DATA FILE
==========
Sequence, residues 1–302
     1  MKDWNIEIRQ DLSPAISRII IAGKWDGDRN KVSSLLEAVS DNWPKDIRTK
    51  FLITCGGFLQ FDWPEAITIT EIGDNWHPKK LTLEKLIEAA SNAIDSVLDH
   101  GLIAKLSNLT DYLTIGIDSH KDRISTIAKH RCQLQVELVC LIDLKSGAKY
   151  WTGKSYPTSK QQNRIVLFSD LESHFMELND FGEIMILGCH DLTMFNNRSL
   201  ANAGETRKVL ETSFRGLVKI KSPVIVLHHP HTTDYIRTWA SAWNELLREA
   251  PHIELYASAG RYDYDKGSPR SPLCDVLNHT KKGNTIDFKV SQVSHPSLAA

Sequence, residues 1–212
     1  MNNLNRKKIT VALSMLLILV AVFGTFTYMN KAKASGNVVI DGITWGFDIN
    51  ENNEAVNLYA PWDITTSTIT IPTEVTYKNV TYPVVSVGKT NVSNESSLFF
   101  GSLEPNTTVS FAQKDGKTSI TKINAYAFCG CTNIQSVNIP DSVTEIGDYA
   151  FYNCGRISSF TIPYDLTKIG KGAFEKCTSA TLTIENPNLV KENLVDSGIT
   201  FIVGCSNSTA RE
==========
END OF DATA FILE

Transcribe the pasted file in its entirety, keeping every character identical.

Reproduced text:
Sequence, residues 1–302
     1  MKDWNIEIRQ DLSPAISRII IAGKWDGDRN KVSSLLEAVS DNWPKDIRTK
    51  FLITCGGFLQ FDWPEAITIT EIGDNWHPKK LTLEKLIEAA SNAIDSVLDH
   101  GLIAKLSNLT DYLTIGIDSH KDRISTIAKH RCQLQVELVC LIDLKSGAKY
   151  WTGKSYPTSK QQNRIVLFSD LESHFMELND FGEIMILGCH DLTMFNNRSL
   201  ANAGETRKVL ETSFRGLVKI KSPVIVLHHP HTTDYIRTWA SAWNELLREA
   251  PHIELYASAG RYDYDKGSPR SPLCDVLNHT KKGNTIDFKV SQVSHPSLAA

Sequence, residues 1–212
     1  MNNLNRKKIT VALSMLLILV AVFGTFTYMN KAKASGNVVI DGITWGFDIN
    51  ENNEAVNLYA PWDITTSTIT IPTEVTYKNV TYPVVSVGKT NVSNESSLFF
   101  GSLEPNTTVS FAQKDGKTSI TKINAYAFCG CTNIQSVNIP DSVTEIGDYA
   151  FYNCGRISSF TIPYDLTKIG KGAFEKCTSA TLTIENPNLV KENLVDSGIT
   201  FIVGCSNSTA RE